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Mahendra Singh Dhoni has played the most internationals of anyone in the last 15 months. How long can he keep going at this rate before something gives?
March 17, 2008
Here's one way to spend 15 months of your life. You could experience five continents and eight countries, taking about 50 flights, covering approximately 112,000 kilometres. Along the way you could take part in 47 one-dayers, 11 Tests and eight Twenty20s, in a period spanning 105 days of international cricket.
If you're more ambitious, you could also captain your country, pulling off two historic wins in the process. If you're fit enough, you could keep wicket, squatting and straightening all day, totalling a mind-boggling 26,906 sit-ups. You could push yourself to the limit and shrug aside back strains, leg aches, and finger sprains. Welcome to the world of Mahendra Singh Dhoni, who is not only the world's most highly-prized cricketer - going by the money he fetched at the IPL auction - but also the busiest.
India's fitness report at the end of the Australia tour highlighted the problems of Sachin Tendulkar, Ishant Sharma, and the two Singhs - Yuvraj and Harbhajan. But the stunning part was right at the end: Dhoni had finished the 80-odd day-long tour with only a finger sprain. Given his schedule, it's some surprise he continues to stand upright. We knew about his power and dash; the last year has told us a bit about his endurance.
The fitness report gives a chronological list of injuries during the tour. Dhoni's first came as late as March 2, two-and-a-half months in. One-day specialists like Robin Uthappa, Praveen Kumar and Gautam Gambhir sustained injuries. Others were bogged down by viral fever, stomach upsets and food poisoning. Dhoni seems to have dodged it all. His only other trouble on the tour appears to have been an infected tooth.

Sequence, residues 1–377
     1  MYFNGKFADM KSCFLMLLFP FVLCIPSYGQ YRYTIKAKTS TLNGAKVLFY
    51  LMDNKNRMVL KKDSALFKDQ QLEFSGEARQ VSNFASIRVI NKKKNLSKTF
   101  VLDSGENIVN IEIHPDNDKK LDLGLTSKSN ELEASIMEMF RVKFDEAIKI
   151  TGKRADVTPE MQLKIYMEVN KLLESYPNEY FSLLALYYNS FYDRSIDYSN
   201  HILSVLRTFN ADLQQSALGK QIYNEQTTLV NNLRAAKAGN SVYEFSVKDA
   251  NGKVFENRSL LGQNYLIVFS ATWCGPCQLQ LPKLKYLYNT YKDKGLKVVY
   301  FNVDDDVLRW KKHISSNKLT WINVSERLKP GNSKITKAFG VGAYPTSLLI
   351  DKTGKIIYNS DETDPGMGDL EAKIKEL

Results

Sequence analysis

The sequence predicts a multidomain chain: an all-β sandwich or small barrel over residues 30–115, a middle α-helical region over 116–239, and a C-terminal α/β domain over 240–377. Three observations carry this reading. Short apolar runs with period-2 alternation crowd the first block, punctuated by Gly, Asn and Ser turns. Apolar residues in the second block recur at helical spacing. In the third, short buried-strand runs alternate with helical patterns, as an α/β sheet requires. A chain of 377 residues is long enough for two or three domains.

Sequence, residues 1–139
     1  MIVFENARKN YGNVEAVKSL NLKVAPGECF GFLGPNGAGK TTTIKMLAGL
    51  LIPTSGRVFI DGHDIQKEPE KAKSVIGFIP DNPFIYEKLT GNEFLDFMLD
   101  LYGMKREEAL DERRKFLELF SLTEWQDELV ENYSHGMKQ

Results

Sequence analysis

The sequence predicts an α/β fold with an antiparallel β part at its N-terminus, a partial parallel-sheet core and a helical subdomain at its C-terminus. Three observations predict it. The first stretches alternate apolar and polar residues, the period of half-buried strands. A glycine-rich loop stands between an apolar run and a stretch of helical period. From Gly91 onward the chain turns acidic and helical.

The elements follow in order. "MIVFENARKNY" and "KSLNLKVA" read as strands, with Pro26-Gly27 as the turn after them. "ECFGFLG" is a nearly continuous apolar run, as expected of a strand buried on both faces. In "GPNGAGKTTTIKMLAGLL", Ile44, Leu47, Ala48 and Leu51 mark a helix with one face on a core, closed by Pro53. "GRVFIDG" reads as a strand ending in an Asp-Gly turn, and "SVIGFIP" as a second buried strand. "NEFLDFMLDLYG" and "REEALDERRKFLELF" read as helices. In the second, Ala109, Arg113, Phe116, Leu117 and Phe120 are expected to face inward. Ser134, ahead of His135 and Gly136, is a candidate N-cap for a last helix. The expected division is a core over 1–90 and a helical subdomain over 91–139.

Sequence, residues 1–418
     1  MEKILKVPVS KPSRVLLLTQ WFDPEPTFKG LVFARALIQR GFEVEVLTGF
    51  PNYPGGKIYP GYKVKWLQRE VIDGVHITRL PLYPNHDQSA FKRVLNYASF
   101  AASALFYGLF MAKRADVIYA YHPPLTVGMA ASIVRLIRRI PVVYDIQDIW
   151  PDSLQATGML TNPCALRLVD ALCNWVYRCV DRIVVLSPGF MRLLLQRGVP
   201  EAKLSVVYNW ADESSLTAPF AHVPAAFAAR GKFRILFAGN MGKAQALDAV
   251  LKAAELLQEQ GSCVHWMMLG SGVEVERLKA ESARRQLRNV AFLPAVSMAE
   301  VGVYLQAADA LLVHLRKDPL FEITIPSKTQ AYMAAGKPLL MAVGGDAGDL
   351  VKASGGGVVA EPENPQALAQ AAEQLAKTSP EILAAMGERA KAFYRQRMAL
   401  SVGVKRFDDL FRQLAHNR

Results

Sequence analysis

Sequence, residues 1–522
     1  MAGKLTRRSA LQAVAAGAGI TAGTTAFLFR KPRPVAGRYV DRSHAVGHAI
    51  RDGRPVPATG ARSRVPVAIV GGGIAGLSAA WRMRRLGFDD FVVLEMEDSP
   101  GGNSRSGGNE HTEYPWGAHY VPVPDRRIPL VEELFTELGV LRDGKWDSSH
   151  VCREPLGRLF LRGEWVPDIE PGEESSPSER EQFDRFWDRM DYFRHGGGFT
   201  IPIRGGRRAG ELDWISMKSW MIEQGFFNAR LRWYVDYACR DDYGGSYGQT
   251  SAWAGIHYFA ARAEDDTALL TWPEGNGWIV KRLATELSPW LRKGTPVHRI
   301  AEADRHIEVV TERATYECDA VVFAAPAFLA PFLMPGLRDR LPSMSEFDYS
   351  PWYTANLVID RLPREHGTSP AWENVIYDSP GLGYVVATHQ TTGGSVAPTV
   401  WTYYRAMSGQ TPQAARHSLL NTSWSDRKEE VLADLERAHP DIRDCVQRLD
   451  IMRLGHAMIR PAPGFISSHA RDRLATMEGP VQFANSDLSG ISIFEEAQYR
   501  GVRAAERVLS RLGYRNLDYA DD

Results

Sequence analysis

It's strange that Dhoni has had to endure such a gruelling schedule when there has been another specialist wicketkeeper in the squad all along. "We can only select two wicketkeepers but it's up to the team management to use them judiciously," one of the national selectors told Cricinfo. "It's tough for Dhoni to rest in ODIs and Twenty20s because he's the captain. So it's a tricky situation. As of now there has been no talk of resting him but things could change in the future, especially with the IPL adding to the hectic schedule."
Since the start of 2007, India's schedule has been cricket's version of On the Road. In this period Dhoni has played 20 ODIs, three Tests and one Twenty20 at home. On his travels, he's made a short, if forgettable, trip to Port-of-Spain, tasted victory in Belfast and London, experienced a world triumph in Johannesburg, crashed in Melbourne, soared in Perth, and risen to the top of the world in Brisbane.
One mustn't forget the tour games. Dhoni was part of the side for the matches against first-class sides in Hove, Chelmsford, Leicester and Northampton. He also played both of India's warm-up games before the World Cup and the two first-class games in Australia. He could have had two more Tests if not for injury: finger bruises kept him out of the Cape Town match in South Africa in early 2007, and an ankle strain caught up with him before the Bangalore Test late last year.